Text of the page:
Information is everywhere we are and coming in faster than ever before. Peer-reviewed scholarly articles and .edu or .gov websites are go-to sources of credible information, but sometimes they are not the only useful sources for research. It often makes sense to use other types of information in your work - but how do you know that it is reliable?
Evaluating the sources you use for your assignments is important. Better sources = better research, and evaluating sources is a critical part of the research process. This page provides a list of tools to use for evaluating information you find on the internet, and can be used in your coursework and in your life outside of school.
SIFT, also known as “The Four Moves”, is a 4-step task list for evaluating information on the internet. It is a quick tool for evaluating news and information you find on the open web. The ‘four moves’ of SIFT are:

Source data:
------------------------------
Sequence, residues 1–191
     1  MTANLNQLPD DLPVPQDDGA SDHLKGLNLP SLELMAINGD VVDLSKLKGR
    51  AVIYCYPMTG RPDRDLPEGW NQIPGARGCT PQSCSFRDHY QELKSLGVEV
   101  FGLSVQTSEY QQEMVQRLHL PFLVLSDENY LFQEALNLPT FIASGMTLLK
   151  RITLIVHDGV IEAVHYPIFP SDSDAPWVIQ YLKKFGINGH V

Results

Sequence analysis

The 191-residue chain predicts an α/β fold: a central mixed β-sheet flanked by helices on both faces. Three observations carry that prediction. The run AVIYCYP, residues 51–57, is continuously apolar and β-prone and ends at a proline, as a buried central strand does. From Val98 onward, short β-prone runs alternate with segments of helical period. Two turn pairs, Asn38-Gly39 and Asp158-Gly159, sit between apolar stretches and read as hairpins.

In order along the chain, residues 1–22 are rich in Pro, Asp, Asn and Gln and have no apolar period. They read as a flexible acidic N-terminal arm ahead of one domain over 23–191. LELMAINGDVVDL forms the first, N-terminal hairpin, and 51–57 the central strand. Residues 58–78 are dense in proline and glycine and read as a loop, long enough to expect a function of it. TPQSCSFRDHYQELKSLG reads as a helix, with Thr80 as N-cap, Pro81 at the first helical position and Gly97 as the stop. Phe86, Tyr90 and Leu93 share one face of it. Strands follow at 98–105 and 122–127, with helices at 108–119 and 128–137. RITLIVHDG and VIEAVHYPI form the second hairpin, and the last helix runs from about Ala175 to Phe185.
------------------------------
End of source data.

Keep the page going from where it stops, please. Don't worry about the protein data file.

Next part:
Image Source: https://hapgood.us/2019/06/19/sift-the-four-moves/
Try out one of these guides to use SIFT on your own:
The CRAAP test is a technique for evaluating sources based on your situation and information needs. CRAAP is a framework for assessing:
Currency: How timely is the information? Is it up to date?
Relevance: Is the information relevant to your topic or question? Is it contextually appropriate? Who is the intended audience?
Authority: What is the source of the information? Is the author qualified to write on the topic?
Accuracy: How reliable, truthful, and correct is the information?
Purpose: Why does the information exist? What is its intent?
Image Source: https://oercommons.org/authoring/54677-media-bias-handout/view
Ready to use CRAAP on your own? Here are three simple guides to make it quick: